William A. Mogel on Interstate Natural Gas Ass'n of America v. FERC, No. 09-1016, 2010 U.S. App. LEXIS 16758 (D.C. Cir. Aug. 13, 2010)

William A. Mogel   By William A. Mogel, Attorney at Law

In this Emerging Issues Analysis, attorney William A. Mogel discusses Interstate Natural Gas Ass'n of America v. FERC [enhanced version available to lexis.com subscribersunenhanced version available from lexisONE Free Case Law], in which the D.C. Circuit Court of Appeals upheld FERC orders that permitted different ceiling prices for releases of short-term capacity on interstate natural gas pipelines.

“In a decision with significant commercial implications, the D.C. Circuit Court of Appeals upheld FERC orders that permitted different ceiling prices for releases of short-term capacity on interstate natural gas pipelines,” writes William Mogel. “As a result of this case, Interstate Natural Gas Ass'n of America v. FERC, No. 09-1016, 2010 U.S. App. LEXIS 16758 (D.C. Cir. Aug. 13, 2010) (INGAA), cost-based price ceilings were lifted permanently on shippers' releases of less than one year for unused firm capacity, while price ceilings were retained for short-term releases by pipelines. The effect is that shippers have a potential competitive advantage since they can charge market-based rates, which, it can be assumed, will be lower than a pipeline's cost-based price ceiling.”

“In 1992, as a result of FERC Order No. 636, an interstate natural gas pipeline's business changed from being a merchant, which ‘bundled’ its transportation service with sales of natural gas to local distribution companies and end users, to providing transportation for natural gas owned by third party shippers,” the author explains. “Upon determining that ‘bundling’ allowed pipelines to leverage their transportation monopoly to exploit the resale market, Order No. 636 restructured the pipeline industry in order to create competitive sales markets. According to the D.C. Circuit in INGAA, Order No. 636 mandated pipelines ‘unbundle’ their sales and transportation services, effectively deregulating the sales market while preserving cost-based regulation of pipelines' transportation services.”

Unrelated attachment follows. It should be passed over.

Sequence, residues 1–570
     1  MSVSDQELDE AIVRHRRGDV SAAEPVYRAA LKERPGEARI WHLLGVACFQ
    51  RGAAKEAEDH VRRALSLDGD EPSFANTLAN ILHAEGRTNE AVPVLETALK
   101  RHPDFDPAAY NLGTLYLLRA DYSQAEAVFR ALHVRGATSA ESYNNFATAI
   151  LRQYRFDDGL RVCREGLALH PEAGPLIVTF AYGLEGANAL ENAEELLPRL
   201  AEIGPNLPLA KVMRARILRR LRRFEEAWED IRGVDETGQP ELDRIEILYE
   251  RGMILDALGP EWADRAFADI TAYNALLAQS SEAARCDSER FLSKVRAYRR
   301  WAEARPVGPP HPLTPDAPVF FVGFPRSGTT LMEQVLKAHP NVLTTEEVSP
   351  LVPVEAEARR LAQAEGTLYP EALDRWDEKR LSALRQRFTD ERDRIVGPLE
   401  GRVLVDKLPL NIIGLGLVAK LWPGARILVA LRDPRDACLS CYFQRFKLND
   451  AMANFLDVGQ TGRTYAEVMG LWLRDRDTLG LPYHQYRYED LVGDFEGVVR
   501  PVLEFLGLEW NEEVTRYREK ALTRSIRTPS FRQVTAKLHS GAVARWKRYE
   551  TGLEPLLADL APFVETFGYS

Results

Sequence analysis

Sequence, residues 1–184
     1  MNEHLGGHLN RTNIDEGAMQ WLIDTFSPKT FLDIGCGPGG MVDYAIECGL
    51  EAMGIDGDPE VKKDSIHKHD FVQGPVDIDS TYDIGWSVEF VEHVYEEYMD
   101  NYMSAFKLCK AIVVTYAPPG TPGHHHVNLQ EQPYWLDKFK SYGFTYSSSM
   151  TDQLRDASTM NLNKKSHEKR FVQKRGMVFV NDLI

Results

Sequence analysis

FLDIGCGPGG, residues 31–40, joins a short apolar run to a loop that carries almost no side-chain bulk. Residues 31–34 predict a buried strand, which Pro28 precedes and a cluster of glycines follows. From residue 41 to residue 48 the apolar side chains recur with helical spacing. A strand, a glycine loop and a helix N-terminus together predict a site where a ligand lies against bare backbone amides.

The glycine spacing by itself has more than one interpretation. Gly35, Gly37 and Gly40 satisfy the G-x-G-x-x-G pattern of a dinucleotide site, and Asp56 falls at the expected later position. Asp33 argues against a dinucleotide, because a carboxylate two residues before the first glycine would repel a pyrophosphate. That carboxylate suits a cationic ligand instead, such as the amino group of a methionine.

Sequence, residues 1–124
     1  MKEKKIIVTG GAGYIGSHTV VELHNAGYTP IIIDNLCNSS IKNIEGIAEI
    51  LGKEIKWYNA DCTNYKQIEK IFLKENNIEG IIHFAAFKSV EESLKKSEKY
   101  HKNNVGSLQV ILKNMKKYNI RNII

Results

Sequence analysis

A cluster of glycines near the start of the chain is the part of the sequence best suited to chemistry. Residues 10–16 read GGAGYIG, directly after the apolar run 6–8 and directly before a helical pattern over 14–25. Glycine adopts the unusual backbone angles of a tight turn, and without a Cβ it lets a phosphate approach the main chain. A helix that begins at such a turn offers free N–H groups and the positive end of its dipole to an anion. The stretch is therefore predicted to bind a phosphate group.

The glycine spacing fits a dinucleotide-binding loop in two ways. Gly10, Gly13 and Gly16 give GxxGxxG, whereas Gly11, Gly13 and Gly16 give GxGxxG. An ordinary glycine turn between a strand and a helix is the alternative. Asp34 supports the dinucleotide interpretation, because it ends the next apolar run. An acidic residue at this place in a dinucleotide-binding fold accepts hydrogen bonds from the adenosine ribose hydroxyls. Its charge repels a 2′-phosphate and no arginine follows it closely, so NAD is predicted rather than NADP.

“As part of Order No. 636's restructuring, shippers were permitted to sell or release their unused capacity to others, but at the same cost-based maximum rates set for pipeline capacity sales. In 2000, FERC issued Order No. 637, having determined that cost-based pricing ceilings for shipper releases prevented sales of unused capacity to parties willing to pay market-based rates, especially during periods of peak demand. Based on the foregoing, Order No. 637 modified the capacity release program by eliminating, for an experimental two-year period, price ceilings for shipper releases into the short-term market. However, price ceilings on pipeline sales of capacity were retained by Order No. 637 because of the belief that pipeline transportation is a natural monopoly, and, as such, cost-based rates could not be justified for entities that had the potential to exercise market power.”

Lexis.com subscribers can access the complete commentary, William A. Mogel on Interstate Natural Gas Ass'n of America v. FERC, No. 09-1016, 2010 U.S. App. LEXIS 16758 (D.C. Cir. Aug. 13, 2010). Additional fees may be incurred. (approx. 5 pages)

If you do not have a lexis.com ID, you can purchase Emerging Issues Analysis content through our lexisONE Research Packages.

_____________________________

William A. Mogel, Esq., focuses his practice on energy law. He has extensive experience with federal and state issues affecting the electric and natural gas industries. He regularly represents clients before FERC, state regulatory commissions and courts. Mr. Mogel founded and currently serves as Editor-in-Chief Emeritus of the Energy Law Journal. He is also a Director of the Foundation of the Energy Law Journal, a co-editor of Energy Law and Transactions, and the editor of Regulation of the Gas Industry, both published by LexisNexis Matthew Bender.

_____________________________

Natural Gas Pipeline